The invention is based on the problem of producing an antifalsification paper having a thread- or band-shaped security element that offers high protection against forgery while simultaneously ensuring good recognizability of the security element and the characters without technical aids.
This problem is solved by the features in the characterizing part of the main claim. Developments of the invention and a method for producing such an antifalsification paper are the object of dependent and independent claims.
The invention is essentially characterized by providing on a safeguarding thread at least two types of information which, disposed on the thread side by side or combined with each other in another way, ensure high resistance to forgery of the thread and thus also of the antifalsification paper at the same time as good recognizability.
In a first embodiment the inventive antifalsification paper has a safeguarding thread made of transparent plastic that bears so-called negative writing, i.e. an opaque, in particular metallic, coating with gaps in the form of characters or patterns, in spaced apart areas. In the metal-free intermediate areas there is any desired print which is visually recognizable without additional aids. This thread is preferably incorporated in the paper as a window thread. The negative writing offers good copy protection due to the described incident light/transmitted light effect in the paper since this behavior cannot be imitated either with a copying machine or by a print. In addition the opaque areas permit easy localization of the thread in the document since they offer good contrast with the surroundings so that the print disposed between the opaque areas is also very easy to find and to read. This print, referred to in the following as positive writing, makes forgeries difficult that are based on imitation of the superficial optical impression of the thread in the area of the windows. This is because particularly with the metallic negative writing the optical impression is dominated primarily by the metallic luster of the thread, so that the gaps and the information represented by them move into the background.
Furthermore the application of different production techniques for positive or negative writing, which must be coordinated so that they do not impair each other, leads to a further increase in the resistance to forgery. The negative writing is produced for example by a washing process as known from EP-A 0 330 733. The printed image is first printed on a film as it is to appear as a negative image in the opaque coating later, and the opaque coating, e.g. a metal coating, is only applied in a second method step. For applying the printed image one use inks or lacquers that have low adhesion to the film and/or to the coating so that the coating can be removed either alone or together with the ink. One preferably uses inks that can be dissolved chemically again under the metal coating. The visually readable print must be applied in the intermediate areas in exact register with the negative writing areas produced in this way. This printing operation can be integrated in the production process of the negative writing by first printing the carrier film of the security element with a washfast ink in accordance with the positive print recognizable later, and then applying the removable printed image. Alternatively one can also print on the two printed images simultaneously in one printing operation. In the washing operation performed after coating only the soluble ink is removed.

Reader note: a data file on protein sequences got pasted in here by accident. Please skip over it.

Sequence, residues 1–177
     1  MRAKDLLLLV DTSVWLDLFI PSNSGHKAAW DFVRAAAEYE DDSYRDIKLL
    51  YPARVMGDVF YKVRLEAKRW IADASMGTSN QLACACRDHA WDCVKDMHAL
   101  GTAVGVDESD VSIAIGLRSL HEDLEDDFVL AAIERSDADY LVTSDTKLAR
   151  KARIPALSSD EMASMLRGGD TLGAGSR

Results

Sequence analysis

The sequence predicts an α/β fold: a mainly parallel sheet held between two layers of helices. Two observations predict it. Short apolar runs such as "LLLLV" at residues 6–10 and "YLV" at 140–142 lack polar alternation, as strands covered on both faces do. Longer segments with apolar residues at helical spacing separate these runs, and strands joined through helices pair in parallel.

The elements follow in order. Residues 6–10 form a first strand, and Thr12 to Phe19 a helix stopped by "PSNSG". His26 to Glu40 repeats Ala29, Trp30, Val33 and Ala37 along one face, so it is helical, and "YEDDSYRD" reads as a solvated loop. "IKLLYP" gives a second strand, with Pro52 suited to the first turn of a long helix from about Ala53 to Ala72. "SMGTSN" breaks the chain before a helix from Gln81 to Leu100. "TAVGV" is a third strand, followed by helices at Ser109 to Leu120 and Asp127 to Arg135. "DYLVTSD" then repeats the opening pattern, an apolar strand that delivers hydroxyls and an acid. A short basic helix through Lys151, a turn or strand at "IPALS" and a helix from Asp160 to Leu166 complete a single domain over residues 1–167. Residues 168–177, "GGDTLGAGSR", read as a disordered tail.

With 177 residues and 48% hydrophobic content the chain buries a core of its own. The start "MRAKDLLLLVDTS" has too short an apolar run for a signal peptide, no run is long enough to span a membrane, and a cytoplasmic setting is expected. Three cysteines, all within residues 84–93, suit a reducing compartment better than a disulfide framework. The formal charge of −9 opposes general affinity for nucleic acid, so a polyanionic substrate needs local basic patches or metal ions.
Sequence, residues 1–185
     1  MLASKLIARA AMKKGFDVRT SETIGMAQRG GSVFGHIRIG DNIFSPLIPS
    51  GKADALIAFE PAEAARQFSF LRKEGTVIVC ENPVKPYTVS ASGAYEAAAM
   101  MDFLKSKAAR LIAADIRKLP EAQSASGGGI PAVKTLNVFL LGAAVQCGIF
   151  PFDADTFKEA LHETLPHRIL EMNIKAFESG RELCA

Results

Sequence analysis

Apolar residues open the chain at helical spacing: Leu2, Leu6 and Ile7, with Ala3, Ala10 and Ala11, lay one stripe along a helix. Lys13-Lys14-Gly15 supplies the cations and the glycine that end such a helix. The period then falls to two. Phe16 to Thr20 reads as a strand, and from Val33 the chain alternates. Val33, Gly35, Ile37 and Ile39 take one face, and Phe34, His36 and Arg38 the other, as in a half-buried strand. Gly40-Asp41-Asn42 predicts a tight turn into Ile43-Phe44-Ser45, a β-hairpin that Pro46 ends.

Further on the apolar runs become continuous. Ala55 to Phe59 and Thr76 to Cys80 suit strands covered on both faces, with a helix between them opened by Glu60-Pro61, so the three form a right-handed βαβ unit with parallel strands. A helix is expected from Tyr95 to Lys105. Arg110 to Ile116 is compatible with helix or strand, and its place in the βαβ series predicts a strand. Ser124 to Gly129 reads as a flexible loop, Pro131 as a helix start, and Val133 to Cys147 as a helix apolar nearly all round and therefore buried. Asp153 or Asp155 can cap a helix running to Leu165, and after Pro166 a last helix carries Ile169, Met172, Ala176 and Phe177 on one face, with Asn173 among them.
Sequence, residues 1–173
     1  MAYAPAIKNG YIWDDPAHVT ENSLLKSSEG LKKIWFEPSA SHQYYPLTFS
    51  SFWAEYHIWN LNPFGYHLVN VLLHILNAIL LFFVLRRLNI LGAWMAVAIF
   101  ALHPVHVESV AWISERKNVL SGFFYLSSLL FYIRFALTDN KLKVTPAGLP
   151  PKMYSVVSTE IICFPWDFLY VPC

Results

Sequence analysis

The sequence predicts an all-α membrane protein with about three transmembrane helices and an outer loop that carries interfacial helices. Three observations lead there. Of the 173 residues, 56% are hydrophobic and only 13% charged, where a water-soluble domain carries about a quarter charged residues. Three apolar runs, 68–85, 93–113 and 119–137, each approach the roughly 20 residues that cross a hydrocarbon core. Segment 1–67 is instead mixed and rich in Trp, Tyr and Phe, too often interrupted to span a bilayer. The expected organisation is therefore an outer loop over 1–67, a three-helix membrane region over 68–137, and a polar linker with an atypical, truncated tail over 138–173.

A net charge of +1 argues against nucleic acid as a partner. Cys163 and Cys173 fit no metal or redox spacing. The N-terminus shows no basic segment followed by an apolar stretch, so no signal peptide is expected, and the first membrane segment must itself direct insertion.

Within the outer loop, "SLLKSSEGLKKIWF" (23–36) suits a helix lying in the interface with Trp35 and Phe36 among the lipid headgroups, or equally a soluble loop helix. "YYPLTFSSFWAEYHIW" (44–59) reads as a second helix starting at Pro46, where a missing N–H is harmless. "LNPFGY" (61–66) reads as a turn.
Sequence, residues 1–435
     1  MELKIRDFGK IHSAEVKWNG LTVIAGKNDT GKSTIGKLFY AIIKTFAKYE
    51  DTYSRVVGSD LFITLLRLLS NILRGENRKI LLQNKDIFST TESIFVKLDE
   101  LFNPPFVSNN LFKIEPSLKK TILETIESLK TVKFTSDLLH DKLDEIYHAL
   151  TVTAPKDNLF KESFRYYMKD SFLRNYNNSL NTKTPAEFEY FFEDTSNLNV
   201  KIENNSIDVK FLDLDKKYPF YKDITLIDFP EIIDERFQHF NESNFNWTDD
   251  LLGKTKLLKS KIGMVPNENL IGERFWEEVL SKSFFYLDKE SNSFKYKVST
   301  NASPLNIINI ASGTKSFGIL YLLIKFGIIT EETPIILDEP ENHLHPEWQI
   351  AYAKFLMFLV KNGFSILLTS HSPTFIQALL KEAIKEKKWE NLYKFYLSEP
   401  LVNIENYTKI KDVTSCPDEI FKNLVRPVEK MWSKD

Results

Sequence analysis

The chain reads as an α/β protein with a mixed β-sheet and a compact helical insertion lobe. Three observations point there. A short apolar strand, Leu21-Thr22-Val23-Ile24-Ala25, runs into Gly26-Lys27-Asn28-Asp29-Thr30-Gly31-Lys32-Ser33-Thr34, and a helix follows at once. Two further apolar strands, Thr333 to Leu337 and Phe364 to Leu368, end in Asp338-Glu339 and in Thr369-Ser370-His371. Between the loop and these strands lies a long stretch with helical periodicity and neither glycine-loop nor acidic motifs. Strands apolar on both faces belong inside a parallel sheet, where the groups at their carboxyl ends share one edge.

However the background of the negative writing can also be printed, e.g. with a metallic ink. If this printed negative writing is combined with a complicated multicolor positive print according to the above statements one also obtains a security element difficult to imitate. For example it is conceivable to design the thread in a nationally specific way, the negatively represented information rendering the country's name and the positively printed information the particular national flag in all details in accordance with the original.
The special protective effect of the inventive security element thus results from the combination of the negative writing, which cannot be copied due to the incident light/transmitted light effect, with further information which is easy to recognize in particular in incident light. The same protective effect is utilized in a further preferred embodiment wherein adjacent areas on a transparent plastic thread are provided with large, easy-to-read negative writing and with small negative writing visually difficult to resolve. In this connection "large" refers to a type height of at least 1 millimeter and a line width of at least 150 microns; "small" to the accordingly smaller values.
If the gaps in the negative writing are too large this improves legibility but worsens the incident light/transmitted light effect. By the combination of small and large negative writing the security element according to the invention offers the advantage of good readability while simultaneously maintaining high resistance to forgery. Due to the large characters also recognizable in incident light, forgeries are furthermore avoided that only imitate the metallic luster effect.